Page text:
Avery Johnson thought very little of MarShon Brooks' defense.
Brooks, the Brooklyn Nets’ second-year swingman, desperately wanted to prove his coach wrong, but ever since training camp when he battled injuries, it seemed Brooks was in Johnson’s doghouse.
Many nights, Brooks, just 23 and a tantalizing talent with a ton of potential, found himself out of the rotation and stapled to the bench, his playing time sporadic at best. And when he did get on the court, it only took one turnover or defensive miscue for Johnson to pull him.
“It was frustrating, especially early when I started getting DNPs,” Brooks said. “It was frustrating, but we were winning ... and I haven’t been part of a winning team since my sophomore year in college (at Providence), and going back to high school. But obviously, I wanted a larger role. Then we started losing and I wasn’t playing, and that’s when it really started bothering me.”
On Thursday, Brooks woke up at noon to text messages and tweets that surprised him.
Johnson, the same coach who ripped him in practices and games for not playing enough defense, had been fired following the team’s 14-14 start.
“It’s exciting in a way, to have the opportunity to start over,” Brooks said after scoring nine points in 20 minutes in the Nets’ 97-81 victory over the Charlotte Bobcats on Friday night, making a winner out of interim head coach P.J. Carlesimo in his debut.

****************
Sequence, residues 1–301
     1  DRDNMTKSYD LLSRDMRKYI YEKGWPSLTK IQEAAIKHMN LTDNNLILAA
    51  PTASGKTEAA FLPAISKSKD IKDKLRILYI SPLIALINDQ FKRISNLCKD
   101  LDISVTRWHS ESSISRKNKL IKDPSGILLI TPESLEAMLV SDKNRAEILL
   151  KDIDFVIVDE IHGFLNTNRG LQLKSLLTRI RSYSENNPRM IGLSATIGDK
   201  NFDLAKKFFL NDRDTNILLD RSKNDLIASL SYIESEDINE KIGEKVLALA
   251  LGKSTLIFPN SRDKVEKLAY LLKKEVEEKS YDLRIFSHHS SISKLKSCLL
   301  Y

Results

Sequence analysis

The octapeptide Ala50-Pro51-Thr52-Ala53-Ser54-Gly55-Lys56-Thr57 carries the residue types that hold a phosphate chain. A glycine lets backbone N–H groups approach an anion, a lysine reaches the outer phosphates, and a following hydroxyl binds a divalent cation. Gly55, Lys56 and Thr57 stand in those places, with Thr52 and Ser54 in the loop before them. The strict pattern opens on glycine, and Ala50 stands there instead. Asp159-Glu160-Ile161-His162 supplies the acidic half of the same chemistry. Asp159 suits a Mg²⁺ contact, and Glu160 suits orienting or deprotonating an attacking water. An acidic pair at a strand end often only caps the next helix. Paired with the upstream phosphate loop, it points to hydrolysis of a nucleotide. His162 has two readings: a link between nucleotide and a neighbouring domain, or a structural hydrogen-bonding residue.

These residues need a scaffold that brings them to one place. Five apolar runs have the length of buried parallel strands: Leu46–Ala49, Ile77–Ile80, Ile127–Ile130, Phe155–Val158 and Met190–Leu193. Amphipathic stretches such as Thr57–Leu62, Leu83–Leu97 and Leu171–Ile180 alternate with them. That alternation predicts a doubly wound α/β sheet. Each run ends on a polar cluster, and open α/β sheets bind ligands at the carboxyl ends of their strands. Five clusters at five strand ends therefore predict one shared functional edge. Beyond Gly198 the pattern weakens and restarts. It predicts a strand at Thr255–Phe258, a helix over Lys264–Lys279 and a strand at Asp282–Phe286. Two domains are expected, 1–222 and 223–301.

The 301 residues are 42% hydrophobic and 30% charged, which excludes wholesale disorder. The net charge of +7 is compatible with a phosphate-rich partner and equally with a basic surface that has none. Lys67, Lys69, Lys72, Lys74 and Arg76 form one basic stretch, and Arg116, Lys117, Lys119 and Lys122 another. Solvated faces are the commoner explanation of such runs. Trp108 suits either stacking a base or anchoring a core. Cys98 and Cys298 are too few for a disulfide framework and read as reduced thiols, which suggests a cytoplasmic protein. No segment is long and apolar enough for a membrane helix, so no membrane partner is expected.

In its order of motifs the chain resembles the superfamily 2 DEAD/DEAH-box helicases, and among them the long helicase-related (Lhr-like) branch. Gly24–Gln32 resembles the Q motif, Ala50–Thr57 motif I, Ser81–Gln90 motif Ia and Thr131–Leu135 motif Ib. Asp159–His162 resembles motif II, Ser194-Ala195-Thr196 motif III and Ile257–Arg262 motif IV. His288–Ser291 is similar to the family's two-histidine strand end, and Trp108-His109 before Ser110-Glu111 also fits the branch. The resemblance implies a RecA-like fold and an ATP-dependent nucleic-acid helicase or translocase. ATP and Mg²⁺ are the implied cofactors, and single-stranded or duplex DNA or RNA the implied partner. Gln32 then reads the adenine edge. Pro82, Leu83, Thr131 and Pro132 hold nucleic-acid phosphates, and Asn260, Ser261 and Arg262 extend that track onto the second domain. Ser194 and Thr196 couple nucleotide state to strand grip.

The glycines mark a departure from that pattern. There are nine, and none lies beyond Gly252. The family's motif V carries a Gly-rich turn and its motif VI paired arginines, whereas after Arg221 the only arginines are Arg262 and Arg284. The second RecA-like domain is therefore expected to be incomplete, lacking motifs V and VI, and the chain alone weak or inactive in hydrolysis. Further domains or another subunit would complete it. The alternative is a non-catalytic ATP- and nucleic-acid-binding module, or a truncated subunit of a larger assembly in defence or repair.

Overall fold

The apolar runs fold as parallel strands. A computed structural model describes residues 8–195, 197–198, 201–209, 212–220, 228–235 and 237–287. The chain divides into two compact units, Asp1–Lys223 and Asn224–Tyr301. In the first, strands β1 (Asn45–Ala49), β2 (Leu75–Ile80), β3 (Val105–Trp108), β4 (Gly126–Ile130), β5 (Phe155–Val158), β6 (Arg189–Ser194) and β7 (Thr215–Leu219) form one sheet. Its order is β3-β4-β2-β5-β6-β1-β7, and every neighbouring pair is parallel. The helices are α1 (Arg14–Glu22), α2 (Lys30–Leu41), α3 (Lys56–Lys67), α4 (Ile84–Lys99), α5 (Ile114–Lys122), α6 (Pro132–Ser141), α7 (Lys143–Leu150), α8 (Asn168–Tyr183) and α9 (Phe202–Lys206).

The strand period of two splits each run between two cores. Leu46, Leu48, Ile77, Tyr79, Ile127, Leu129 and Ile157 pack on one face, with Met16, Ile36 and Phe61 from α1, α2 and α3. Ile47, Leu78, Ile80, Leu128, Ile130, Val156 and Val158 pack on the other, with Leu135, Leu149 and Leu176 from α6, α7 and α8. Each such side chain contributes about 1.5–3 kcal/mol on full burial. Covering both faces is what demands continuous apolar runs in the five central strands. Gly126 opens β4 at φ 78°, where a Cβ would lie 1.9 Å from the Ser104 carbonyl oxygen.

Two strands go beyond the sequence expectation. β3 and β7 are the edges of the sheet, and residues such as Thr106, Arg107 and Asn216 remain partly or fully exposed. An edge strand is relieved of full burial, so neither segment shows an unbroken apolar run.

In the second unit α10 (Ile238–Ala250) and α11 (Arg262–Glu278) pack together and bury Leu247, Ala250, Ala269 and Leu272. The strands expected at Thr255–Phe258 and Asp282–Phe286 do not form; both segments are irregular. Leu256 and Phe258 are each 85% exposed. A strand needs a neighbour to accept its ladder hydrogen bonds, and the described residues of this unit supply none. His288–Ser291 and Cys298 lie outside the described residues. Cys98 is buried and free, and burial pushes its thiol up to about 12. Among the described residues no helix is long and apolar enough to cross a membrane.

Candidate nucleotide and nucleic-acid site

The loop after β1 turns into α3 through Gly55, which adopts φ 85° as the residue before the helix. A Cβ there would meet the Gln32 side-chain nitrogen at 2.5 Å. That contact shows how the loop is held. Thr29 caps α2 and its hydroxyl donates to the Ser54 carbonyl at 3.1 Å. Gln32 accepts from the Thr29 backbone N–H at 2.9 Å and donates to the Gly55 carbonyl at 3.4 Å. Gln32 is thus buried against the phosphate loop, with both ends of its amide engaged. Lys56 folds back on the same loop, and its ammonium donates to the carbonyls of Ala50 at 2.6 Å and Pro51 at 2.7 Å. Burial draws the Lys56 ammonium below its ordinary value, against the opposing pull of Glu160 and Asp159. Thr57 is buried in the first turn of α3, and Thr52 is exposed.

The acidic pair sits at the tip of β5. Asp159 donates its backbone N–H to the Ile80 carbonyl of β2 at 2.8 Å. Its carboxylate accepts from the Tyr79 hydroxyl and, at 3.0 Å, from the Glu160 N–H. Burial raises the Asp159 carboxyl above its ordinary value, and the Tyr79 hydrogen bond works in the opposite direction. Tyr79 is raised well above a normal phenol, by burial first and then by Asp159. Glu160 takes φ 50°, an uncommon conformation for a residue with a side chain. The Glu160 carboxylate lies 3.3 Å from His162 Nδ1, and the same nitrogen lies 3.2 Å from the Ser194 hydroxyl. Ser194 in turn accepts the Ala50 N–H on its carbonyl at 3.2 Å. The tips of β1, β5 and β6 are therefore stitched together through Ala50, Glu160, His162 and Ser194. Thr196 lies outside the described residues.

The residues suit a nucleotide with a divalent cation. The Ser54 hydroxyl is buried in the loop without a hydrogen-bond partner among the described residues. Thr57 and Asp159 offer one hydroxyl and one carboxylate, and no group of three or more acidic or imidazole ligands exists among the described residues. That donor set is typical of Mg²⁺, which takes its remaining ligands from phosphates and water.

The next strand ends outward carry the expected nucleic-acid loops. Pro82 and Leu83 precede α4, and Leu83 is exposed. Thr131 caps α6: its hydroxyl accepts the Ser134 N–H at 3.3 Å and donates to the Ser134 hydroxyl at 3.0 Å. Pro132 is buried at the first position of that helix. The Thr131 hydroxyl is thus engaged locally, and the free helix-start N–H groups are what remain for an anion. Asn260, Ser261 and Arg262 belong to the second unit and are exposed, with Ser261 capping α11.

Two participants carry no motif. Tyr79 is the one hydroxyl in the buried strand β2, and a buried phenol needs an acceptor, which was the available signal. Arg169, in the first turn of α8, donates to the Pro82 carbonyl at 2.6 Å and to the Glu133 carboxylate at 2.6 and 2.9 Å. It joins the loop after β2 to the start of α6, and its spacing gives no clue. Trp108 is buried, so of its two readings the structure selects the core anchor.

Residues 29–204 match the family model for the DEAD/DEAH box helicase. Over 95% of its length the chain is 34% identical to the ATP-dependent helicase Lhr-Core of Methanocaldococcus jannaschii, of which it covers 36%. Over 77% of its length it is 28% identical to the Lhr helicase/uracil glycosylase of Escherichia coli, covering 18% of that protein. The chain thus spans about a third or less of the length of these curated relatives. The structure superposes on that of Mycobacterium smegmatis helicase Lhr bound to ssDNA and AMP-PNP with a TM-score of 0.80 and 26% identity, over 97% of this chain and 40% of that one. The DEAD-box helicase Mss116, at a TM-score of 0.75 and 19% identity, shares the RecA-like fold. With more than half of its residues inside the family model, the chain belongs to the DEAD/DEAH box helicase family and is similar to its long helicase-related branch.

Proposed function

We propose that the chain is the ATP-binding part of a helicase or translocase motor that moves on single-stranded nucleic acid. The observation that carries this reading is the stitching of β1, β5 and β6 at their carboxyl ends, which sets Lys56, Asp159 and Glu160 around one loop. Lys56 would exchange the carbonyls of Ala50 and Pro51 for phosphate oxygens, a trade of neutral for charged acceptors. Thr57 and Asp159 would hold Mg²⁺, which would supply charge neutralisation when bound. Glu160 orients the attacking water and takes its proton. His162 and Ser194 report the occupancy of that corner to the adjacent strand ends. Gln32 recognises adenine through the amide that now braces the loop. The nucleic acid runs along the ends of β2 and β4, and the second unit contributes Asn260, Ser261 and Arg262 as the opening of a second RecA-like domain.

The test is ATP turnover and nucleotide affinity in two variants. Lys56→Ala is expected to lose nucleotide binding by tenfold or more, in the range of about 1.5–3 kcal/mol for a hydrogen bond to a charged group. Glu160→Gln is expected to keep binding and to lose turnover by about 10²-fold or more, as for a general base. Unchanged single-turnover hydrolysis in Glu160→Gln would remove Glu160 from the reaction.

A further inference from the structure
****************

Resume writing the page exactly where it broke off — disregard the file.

“For whatever reason, me and Avery didn’t really mesh too well. He wasn’t playing me that much, but he taught me a lot, and I’m just going to take (what I learned) to P.J.”
Before Friday night’s game, Carlesimo brought Brooks, who averaged 12.6 points in 29.4 minutes in 56 games in 2011-12, to the side and told him he wanted him to be “a little bit more active on the defensive end and just be aggressive on the offensive end.”
Brooks did just that, also finishing with three rebounds, two assists, a block and a steal.
Still, he was rusty -- finishing 3-for-8 from the field, 3-for-6 from the free-throw stripe -- and, as he made abundantly clear, he isn’t in gameshape yet.
“Hell no!” Brooks replied. “I haven’t played basketball in a month. Everything’s faster, and that’s not my game. I like to play at my own pace.”
As for his role going forward, Brooks said, “I’m not even sure, honestly. When I get my opportunity, I’m just going to try and play well.
“If it was up to me, I’d play all 48 (minutes).”